In “Living Green,” part of a new four spot cinema campaign by the award-winning design studio nailgun* for auto maker Mercury’s hybrid Mariner SUV and Milan sedan, a round-cornered box emerges against a flat white background then quickly reveals a lushly-animated tree leaf and two bold green arrows. As one arrow curves gently away from a blue city skyline, the other heads straight toward a stylized couple enjoying a country picnic.
A lush, butterfly-accentuated environment forms on pace with the arrows, eventually becoming the backdrop for a pristine Mariner. The campaign was created for ad agency Young & Rubicam, Dearborn, MI, and can be seen at Landmark cinemas nationwide and on the web at www.discovermercury.com.
“The Mercury spots represent a successful foray for us into film work,” says Erik van der Wilden, Director of Editorial and Animation at nailgun*. “This was our first job delivered at 24 frames per second and 2K resolution. The agency liked our creative sense, and had confidence that we could handle any technical issues that might arise.”
Indeed, the four elegant yet complex, 3D animated spots reflect the scope of nailgun*’s creative sense and technological understanding. While “Fresh Air” presents a vibrant setting with brightly colored cyclists and umbrella’d restaurant patios, “City Nightlife” and “City Summer” present decidedly more urban scenarios to promote the Milan sedan.
“We had an intense period of creative planning with Mercury at the beginning,” says Michael Waldron, Creative Director at nailgun*. “Every spot presents a certain metropolitan lifestyle, and it is only as you proceed into that lifestyle that you encounter the automobile representing it. Following the initial collaboration, we worked on a series of animatics to choreograph all the elements in the spots. After we established our workflow, we started bringing things into the 3D world. All of these steps took time and we still had to consider the extra time required to work at 2K resolution. It was definitely a challenge. The client subsequently wanted to highlight the Hybrid angle, which added another wrinkle to the creative.”
Adding to the schedule were the highly detailed models of the cars provided by the agency. While accurate to the very last detail, the large files threatened to significantly slow down delivery on an already tight deadline. nailgun* came up with a quick and novel solution.
“The initial CAD (computer-aided design) files had a lot of detail that was unnecessary to our purposes,” explains van der Wilden. “Since the spots only showed the exterior of each car, we didn’t need to know about the structure of the engine. All that information would only bog down our animation and render time. We actually rebuilt the exteriors of each car to reduce the number of polygons by as much as a factor of 10. That really helped speed up the process.”
“Y&R came to us with a few styleframes, but ultimately gave us a lot of creative freedom,” says Waldron. “We created everything in 3D using Autodesk Maya, keeping an eye on maintaining a level of highly stylized realism. Above all, we wanted the spots to be cool and memorable enough to drive moviegoers to the Mercury website.”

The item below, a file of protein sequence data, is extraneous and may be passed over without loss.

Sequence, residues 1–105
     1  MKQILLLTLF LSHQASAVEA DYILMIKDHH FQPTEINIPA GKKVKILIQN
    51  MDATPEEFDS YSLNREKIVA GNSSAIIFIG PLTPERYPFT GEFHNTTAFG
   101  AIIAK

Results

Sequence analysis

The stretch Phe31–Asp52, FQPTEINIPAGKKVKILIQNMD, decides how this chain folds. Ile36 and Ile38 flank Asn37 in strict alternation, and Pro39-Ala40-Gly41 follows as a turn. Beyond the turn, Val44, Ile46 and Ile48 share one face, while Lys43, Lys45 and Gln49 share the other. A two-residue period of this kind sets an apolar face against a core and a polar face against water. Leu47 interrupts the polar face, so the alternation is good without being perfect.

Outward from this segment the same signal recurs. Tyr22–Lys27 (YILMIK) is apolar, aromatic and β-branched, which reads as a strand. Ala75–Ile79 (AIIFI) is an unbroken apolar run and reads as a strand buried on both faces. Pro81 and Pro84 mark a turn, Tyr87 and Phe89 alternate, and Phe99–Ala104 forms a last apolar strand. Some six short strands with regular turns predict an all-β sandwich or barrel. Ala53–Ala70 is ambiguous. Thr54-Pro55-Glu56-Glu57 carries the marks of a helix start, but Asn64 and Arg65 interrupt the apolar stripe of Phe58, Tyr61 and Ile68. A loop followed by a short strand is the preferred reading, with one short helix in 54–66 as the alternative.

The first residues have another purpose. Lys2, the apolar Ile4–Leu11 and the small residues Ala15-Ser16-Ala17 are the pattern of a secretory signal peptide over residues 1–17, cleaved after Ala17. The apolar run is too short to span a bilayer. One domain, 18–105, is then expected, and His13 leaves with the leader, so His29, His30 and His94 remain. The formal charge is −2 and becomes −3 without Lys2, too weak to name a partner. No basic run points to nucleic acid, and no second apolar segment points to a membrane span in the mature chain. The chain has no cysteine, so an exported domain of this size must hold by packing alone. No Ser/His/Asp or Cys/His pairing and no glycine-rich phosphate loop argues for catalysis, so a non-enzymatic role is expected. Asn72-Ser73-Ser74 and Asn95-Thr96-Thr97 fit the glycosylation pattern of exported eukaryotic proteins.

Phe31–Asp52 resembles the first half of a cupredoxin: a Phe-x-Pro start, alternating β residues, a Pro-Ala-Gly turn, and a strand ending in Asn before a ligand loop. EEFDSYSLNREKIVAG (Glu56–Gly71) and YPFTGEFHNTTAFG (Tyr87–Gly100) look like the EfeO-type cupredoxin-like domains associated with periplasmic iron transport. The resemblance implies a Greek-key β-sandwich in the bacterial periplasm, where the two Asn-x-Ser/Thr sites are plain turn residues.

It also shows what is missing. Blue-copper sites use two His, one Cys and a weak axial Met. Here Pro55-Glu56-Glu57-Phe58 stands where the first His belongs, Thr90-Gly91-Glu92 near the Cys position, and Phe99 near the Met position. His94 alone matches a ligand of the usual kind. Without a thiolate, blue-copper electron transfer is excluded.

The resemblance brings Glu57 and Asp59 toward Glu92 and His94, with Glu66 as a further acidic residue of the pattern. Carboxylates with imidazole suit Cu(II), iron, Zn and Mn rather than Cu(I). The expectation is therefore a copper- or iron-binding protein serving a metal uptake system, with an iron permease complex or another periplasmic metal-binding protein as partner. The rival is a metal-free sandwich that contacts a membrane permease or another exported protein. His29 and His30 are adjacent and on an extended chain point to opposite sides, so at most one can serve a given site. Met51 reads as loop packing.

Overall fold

While the spots will initially play only in cinemas, the nailgun* team maintained the possibility of general broadcast as well. “We worked hard to ensure that Mercury would have the freedom to use these spots again down the road,” says van der Wilden. We designed far beyond the letterbox format.”
For Santiago Casta?¬¨¬±o, who oversaw nailgun*’s staff of 3D animators, the greatest challenge was creating realistic movement for the 3D characters that appear throughout the spots.
“There’s a lot of movement in these spots people walking, riding bikes, rollerblading, dancing and while it all seems completely natural, making it look that way and blending it all into the whole scene seamlessly was difficult,” said Casta?¬¨¬±o. “A lot of the animation is photo real and that took a lot of time to render. This was a huge test for us to see if we could pull off this level of animation for cinema and I think we passed with flying colors.”
With a strong belief that great art derives from making creative choices and sticking to them, veteran graphic designer Michael Waldron and editor/animator Erik van der Wilden launched motion graphics house nailgun* (www.nailgun.tv) in 2003. Since then the BDA Gold award-winning creative shop has been pushing boundaries while exceeding client goals with standout work for top advertising agencies and broadcast networks. Their clients include such companies as ABC News, HBO, HGTV, Crispin, Porter + Bogusky, Publicis and McCann-Erickson NY.
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Client: Ford Lincoln/Mercury
Project: Mercury “Colors” Campaign
Agency: Young & Rubicam, Dearborn, MI
Producer: Drew Titran
Design/Post: nailgun*, New York, NY
Creative Director: Michael Waldron,
Director of Animation + Editorial: Erik van der Wilden,
Managing Director/Producer: Elena Olivares,
Associate Producer: Shane Dolly
Lead Designer/2D Animator: Dae Hyuk Park
Designer/2D Animator: Charles Kline, Jong Soo Kim, Chris Harmon
Designer: Lisa Eunhae Kim
Senior 3D Animator: Maurice Caicedo
3D Animator/Lead Character Animator: Santiago Casta?¬¨¬±o
3D Animators: Roger Hom, Hyunmi Kim, Chris Hill, Jackie Liao, Ajit Menon
3D Modeler: Pavel O. Ivanov
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